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Consumer prices fall in October

Lower costs for gasoline, fruits and vegetables help drop the consumer price index 0.1%, the Labor Department reports.

November 17, 2011|By Jeffry Bartash

WASHINGTON — Americans got some relief in October as the cost of living fell, mainly because of lower prices for gasoline, fruits and vegetables, the government reported.

The Labor Department said Wednesday that the consumer price index dropped a seasonally adjusted 0.1% last month. The decline reduced the 12-month increase in consumer prices to 3.5% from 3.9% in September.

The core rate of inflation, meanwhile, rose 0.1% for the second straight month, but it marked the lowest back-to-back increases of 2011. The core rate has risen 2.1% in the last 12 months, up from 2.0% in September.

The core rate strips out the volatile food and energy categories and is used by the Federal Reserve to help guide its decision on raising or lowering interest rates. The central bank usually tries to aim for 2% annual inflation or less.

Economists surveyed by MarketWatch had expected the CPI, which tracks inflation at the retail level, to be unchanged. The core rate was expected to edge up 0.1%.

Energy prices fell 2.0% last month, while food prices inched up 0.1%.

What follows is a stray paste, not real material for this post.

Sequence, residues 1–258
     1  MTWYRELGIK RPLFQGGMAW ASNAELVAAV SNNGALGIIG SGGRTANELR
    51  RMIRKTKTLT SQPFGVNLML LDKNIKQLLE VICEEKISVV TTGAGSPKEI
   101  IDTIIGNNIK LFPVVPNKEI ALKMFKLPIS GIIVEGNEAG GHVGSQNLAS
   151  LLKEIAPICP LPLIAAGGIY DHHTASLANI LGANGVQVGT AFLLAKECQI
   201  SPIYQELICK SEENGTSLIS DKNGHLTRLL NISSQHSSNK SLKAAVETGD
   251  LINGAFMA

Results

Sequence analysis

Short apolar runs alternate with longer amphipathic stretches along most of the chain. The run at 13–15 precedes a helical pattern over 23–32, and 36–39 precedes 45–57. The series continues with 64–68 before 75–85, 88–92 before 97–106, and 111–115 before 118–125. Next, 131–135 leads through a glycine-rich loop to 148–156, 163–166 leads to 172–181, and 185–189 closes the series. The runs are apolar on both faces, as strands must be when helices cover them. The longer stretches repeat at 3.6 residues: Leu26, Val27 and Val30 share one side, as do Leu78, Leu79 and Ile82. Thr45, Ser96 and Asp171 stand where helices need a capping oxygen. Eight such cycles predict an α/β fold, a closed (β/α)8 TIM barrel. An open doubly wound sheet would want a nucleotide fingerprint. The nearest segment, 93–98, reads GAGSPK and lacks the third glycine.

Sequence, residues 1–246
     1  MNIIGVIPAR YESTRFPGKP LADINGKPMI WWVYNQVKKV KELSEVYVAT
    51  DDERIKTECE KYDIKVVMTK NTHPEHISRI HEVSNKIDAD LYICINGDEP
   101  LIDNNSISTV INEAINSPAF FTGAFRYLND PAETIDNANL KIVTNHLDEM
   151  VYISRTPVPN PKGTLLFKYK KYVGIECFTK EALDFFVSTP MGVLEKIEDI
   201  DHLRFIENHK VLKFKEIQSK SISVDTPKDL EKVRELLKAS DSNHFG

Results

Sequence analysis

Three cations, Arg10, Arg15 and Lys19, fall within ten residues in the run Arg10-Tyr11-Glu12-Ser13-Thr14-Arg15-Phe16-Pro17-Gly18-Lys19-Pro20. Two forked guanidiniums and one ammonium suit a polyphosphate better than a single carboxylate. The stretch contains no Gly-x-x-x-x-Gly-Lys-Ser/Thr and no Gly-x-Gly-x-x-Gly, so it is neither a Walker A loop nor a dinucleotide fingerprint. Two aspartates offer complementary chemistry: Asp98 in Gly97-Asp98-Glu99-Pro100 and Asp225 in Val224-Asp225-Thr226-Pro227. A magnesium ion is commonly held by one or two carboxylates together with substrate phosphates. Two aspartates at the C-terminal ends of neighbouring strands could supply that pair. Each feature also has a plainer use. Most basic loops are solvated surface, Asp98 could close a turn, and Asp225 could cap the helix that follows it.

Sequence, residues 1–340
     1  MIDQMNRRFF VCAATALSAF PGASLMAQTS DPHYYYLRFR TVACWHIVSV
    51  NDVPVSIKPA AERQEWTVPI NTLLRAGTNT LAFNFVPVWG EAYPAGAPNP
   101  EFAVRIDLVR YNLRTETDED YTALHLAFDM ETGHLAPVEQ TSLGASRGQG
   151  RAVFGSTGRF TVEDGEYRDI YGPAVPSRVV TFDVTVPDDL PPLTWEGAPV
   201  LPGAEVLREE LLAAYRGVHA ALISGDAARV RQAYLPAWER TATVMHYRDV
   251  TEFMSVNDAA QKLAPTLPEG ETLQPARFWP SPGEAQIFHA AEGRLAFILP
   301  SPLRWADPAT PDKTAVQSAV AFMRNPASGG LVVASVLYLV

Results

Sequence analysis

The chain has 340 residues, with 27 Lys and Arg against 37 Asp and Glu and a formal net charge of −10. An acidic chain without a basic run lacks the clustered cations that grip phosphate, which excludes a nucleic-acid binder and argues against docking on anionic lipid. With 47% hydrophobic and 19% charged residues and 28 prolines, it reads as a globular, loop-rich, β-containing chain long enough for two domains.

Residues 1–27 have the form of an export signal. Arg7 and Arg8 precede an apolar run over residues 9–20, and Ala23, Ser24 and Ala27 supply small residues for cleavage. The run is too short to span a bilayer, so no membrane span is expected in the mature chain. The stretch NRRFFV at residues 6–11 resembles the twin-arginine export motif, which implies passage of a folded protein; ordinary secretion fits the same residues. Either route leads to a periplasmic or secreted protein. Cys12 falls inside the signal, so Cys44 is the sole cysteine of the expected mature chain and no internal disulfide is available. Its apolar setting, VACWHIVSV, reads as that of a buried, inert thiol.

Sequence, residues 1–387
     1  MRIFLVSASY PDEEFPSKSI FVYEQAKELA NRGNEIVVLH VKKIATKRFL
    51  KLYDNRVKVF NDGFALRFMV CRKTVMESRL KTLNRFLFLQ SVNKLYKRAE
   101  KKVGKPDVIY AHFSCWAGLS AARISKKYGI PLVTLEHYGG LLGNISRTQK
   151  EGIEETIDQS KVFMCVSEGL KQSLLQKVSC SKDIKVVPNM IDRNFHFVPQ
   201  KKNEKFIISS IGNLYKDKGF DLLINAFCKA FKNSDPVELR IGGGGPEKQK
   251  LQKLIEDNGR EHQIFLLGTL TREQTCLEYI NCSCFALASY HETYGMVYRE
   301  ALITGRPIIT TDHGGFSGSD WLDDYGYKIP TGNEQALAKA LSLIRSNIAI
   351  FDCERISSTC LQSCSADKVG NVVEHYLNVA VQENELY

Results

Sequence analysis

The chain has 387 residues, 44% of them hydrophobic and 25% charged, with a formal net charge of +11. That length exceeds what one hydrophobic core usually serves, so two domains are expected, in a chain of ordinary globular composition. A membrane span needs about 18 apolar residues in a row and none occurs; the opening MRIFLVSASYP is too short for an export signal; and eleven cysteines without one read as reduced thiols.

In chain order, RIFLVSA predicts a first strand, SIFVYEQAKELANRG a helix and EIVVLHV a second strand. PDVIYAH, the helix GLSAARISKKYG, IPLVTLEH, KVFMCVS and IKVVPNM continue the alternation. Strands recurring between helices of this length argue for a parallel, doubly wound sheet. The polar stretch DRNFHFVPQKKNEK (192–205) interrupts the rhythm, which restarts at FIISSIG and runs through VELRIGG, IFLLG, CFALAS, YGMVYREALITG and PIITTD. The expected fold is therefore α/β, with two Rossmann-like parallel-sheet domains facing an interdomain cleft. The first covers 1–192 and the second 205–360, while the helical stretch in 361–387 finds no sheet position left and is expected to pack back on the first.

The decline in consumer prices, combined with a small rise in wages last month, boosted the average hourly earnings of U.S. workers 0.3%, adjusted for inflation.

The increase in real wages has given consumers a little more cash to spend on things other than basic necessities such as fuel and food and probably contributed to higher retail sales in October.

The lower cost of living last month was tied mostly to a 3.1% decrease in gasoline prices. That reversed a 2.9% increase in September.

Still, gasoline costs are up 23.5% compared with a year earlier.

Although food prices rose slightly, the increase was the smallest in 10 months. The slower rate stemmed from a sharp decline in the cost of fruits and vegetables, which fell 1.7% in October to mark the biggest one-month drop in nearly five years.

Bartash writes for MarketWatch.com/McClatchy.

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